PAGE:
After her marriage with Willy disintegrated, Colette became a music hall dancer to support herself while continuing her writing career with articles about politics, fashion, cooking, and drama. Before her second marriage, she had relationships with several women, including Mathilde de Morny, or "Missy," a cross-dressing lesbian entertainer. In 1907, their kiss on stage at the Moulin Rouge caused an uproar, but the liaison wouldn't last.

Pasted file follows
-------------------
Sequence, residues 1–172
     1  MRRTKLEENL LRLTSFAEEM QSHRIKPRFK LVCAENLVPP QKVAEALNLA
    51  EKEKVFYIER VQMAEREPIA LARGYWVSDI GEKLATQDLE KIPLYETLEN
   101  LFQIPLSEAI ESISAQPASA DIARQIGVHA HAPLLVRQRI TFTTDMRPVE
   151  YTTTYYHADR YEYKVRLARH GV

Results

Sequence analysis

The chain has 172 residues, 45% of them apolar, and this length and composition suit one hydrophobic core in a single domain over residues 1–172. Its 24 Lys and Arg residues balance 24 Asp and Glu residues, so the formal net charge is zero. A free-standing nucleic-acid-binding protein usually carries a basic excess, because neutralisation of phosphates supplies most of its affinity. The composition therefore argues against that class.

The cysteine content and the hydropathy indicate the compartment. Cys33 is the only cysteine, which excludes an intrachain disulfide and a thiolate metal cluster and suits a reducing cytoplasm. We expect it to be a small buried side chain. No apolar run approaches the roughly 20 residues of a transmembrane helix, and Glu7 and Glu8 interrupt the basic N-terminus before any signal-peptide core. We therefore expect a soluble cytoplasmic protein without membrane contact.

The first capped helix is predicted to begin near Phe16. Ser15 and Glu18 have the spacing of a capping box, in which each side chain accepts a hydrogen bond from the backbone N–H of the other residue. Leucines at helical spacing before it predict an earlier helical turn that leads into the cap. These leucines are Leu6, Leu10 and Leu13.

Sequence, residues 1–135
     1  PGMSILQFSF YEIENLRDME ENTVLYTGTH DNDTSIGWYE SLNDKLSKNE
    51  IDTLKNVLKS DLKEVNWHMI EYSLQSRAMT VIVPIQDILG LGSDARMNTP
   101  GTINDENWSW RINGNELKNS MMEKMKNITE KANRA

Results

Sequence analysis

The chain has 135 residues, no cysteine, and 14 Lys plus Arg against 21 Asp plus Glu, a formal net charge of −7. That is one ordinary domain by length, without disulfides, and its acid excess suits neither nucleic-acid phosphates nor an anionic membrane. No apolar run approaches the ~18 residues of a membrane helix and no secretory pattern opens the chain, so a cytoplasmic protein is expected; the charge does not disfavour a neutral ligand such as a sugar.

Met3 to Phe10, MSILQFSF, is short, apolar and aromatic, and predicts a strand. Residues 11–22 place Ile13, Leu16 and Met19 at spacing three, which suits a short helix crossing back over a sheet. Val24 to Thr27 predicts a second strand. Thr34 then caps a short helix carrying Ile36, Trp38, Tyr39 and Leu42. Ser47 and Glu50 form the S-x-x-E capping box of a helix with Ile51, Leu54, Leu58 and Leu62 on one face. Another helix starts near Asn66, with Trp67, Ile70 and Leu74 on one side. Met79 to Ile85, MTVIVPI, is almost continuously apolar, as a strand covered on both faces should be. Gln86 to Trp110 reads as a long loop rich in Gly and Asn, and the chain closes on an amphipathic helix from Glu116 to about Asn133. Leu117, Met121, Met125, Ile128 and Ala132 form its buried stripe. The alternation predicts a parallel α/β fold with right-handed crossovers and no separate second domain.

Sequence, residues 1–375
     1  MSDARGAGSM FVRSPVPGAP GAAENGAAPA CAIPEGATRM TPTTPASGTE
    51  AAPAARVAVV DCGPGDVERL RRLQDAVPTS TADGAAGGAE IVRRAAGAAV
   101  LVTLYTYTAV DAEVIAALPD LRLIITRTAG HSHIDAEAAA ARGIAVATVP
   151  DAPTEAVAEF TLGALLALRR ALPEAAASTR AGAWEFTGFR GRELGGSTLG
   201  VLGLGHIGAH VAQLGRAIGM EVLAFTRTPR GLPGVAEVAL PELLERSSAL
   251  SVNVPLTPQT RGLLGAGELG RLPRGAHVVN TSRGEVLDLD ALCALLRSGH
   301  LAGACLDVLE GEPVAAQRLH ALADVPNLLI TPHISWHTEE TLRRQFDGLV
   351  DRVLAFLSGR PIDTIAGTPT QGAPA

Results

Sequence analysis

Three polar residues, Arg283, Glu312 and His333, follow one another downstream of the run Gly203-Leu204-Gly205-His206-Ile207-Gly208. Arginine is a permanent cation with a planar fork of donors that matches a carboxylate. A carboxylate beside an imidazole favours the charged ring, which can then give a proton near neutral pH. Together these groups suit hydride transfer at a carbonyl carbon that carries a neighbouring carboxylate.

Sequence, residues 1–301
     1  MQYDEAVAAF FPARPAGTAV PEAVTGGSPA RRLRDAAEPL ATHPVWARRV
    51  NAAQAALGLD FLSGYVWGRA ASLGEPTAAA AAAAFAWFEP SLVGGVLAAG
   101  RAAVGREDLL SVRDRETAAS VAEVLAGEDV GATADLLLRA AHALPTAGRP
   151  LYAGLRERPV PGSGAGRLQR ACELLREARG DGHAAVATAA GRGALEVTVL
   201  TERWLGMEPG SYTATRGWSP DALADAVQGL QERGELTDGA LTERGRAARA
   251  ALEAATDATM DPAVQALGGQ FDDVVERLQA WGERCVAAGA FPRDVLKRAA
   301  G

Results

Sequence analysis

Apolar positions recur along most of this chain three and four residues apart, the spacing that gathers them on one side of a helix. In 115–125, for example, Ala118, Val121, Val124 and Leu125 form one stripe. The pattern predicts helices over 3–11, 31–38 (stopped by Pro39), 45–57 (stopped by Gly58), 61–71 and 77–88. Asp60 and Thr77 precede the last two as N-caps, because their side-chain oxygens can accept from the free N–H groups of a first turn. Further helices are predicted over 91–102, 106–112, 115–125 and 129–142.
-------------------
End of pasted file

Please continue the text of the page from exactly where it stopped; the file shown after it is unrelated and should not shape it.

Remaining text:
A few years later, Colette married newspaper editor Henri de Jouvenel, with whom she had a daughter. The marriage allowed her to focus on her writing. It ended in 1924, marked by Jouvenel's infidelities as well as Colette's affair with her stepson. But during this time, the author would write one of her most famous works yet — Chéri, a novel about a courtesan and her much younger lover. Years after Jouvenel, she married Maurice Goudeket, a Jewish jewelry salesman whom she would help hide during the Nazi occupation of Paris during World War II.